India – China five points action planDate: 13 September 2020 Tags: Miscellaneous
The Foreign Ministers of India and China, arrived at a ‘Five Points’ agreement to reduce the prevailing tension on the Ladakh border.
The process of dialogue between the nations is vital especially when the two are neighbours with strained relations.
It is in keeping with the Chinese policy of ‘talking and fighting simultaneously’. Besides, it also lent credence to the role of Moscow in setting up the stage for the talks. Some experts have termed these talks as stepping back from the brink of war which it is not.
The genesis of the current stand-off was the aggression undertaken by the PLA in the form of incursions by the People’s Liberation Army (PLA). Given the scale, extent, and timing, the operation was well planned at the highest level.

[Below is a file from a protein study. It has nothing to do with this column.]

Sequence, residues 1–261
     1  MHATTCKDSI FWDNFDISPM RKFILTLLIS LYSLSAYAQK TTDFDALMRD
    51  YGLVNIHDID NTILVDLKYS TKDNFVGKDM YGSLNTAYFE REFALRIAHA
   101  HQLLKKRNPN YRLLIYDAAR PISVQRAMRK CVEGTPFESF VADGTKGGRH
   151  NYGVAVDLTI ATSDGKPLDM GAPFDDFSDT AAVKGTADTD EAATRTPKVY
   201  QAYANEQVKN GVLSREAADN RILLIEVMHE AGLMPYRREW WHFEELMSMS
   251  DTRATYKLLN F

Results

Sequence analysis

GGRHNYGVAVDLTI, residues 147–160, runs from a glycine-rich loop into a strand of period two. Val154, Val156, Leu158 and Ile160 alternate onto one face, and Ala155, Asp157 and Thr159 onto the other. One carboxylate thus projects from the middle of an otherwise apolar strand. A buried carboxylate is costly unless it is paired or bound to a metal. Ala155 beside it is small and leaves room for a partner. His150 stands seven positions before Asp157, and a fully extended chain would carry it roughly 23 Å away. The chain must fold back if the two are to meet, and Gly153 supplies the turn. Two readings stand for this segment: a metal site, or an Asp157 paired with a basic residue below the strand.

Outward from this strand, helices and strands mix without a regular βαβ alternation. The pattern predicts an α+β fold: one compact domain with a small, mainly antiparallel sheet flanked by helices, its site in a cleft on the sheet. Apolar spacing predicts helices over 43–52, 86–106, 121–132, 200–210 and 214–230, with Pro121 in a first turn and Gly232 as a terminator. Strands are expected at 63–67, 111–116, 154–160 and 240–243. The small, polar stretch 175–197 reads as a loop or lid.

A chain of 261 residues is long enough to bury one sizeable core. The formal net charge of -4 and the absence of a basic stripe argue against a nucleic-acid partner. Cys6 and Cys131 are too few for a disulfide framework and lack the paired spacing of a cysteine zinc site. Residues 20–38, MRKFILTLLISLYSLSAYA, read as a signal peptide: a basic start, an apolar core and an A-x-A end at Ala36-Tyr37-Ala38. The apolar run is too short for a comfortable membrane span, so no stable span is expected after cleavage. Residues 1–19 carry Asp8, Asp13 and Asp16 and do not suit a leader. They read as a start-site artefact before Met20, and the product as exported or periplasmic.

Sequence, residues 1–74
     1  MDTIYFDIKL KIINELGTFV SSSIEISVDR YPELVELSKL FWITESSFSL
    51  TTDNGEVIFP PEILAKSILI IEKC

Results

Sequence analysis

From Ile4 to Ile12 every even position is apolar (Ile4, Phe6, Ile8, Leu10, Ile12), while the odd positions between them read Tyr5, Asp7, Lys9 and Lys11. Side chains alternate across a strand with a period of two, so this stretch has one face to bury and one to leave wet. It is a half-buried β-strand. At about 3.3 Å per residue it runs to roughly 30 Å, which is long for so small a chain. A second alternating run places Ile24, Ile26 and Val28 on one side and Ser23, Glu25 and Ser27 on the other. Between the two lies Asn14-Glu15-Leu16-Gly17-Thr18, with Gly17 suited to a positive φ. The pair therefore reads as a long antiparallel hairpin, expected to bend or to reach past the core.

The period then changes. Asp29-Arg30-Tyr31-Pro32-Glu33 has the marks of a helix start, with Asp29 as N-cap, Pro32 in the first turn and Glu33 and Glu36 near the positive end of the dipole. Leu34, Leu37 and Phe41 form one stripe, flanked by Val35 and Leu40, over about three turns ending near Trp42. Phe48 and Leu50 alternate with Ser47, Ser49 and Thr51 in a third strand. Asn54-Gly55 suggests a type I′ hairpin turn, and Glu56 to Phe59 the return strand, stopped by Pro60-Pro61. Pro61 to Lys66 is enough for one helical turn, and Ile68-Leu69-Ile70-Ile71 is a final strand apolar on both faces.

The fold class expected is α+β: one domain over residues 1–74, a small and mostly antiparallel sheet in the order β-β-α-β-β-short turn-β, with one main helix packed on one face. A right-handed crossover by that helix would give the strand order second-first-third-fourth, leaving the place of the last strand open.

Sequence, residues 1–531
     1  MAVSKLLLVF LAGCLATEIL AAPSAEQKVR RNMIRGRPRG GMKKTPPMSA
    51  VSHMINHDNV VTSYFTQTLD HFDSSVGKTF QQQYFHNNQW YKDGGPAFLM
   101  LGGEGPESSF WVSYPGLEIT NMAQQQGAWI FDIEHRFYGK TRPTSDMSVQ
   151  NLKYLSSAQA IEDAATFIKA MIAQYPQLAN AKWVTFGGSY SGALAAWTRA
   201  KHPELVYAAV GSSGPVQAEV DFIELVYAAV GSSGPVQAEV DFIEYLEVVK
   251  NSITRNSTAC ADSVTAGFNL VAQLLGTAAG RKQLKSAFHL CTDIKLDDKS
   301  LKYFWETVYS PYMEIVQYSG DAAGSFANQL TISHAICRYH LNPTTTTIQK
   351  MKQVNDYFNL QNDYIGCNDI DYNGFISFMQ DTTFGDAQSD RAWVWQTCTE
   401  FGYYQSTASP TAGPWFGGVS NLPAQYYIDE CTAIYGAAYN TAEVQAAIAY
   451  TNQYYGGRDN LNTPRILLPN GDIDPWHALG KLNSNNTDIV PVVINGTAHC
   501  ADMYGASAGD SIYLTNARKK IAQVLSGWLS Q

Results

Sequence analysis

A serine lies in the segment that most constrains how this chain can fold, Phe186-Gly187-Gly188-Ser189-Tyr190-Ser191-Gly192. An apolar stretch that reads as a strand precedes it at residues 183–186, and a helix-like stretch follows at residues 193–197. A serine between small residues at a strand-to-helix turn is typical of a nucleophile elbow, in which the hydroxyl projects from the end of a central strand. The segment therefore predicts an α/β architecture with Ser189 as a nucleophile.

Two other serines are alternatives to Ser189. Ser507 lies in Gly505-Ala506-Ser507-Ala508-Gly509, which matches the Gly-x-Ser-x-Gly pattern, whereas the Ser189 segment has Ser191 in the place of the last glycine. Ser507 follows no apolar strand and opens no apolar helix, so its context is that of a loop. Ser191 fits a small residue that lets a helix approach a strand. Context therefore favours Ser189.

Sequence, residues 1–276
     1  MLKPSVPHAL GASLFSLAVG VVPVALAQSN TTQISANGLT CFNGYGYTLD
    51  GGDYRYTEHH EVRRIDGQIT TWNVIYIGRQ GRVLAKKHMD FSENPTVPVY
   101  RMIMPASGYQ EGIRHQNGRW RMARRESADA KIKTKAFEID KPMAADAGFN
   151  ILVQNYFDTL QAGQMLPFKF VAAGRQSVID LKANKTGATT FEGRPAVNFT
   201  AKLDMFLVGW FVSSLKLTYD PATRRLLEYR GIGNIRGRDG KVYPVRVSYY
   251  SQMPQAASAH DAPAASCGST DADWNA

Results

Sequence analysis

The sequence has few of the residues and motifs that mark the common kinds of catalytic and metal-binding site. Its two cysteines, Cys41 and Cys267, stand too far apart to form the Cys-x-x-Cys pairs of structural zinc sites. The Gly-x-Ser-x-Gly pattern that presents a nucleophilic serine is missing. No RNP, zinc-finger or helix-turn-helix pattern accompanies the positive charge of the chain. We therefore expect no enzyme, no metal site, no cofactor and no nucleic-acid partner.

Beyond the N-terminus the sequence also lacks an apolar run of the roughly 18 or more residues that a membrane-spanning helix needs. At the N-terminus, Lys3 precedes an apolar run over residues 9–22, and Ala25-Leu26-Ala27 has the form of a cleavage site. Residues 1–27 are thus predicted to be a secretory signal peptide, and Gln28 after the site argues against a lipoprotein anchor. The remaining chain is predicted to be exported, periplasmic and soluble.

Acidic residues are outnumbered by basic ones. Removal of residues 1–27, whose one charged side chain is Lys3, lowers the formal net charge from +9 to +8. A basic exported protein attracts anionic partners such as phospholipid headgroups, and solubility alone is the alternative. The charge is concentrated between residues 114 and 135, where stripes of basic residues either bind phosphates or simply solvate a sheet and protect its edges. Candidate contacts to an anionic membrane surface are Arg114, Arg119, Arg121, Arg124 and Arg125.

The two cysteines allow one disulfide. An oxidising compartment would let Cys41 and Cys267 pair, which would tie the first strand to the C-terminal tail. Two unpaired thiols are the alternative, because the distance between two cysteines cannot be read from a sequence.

The conflict situation consists of actions such as building fortifications, clashes between patrolling parties, laying of mines, air intrusions alongside certain provocative political actions.
India’s counteraction at Chushul by way of the occupation of Kailash Range on August 29-30 took the escalation to a higher level, but well below the threshold of conflict.
The de-escalation process starts with gradual disengagement of troops alongside the dismantling of war-waging infrastructure, pulling back, and finally withdrawal to the designated locations.
Five points action plan
• The 1993 ‘Maintenance of Peace and Tranquility Agreement’ forms the basis of all followup agreements.
• 1996 ‘Confidence Building Measures’ denounced the use of force
• 2005 ‘Standard Operating Procedures’ and patrolling modalities.
• 2012 ‘Process of Consultation and Cooperation’
• 2013 ‘Border Cooperation Agreement’, signed as a sequel to Depsang intrusion by PLA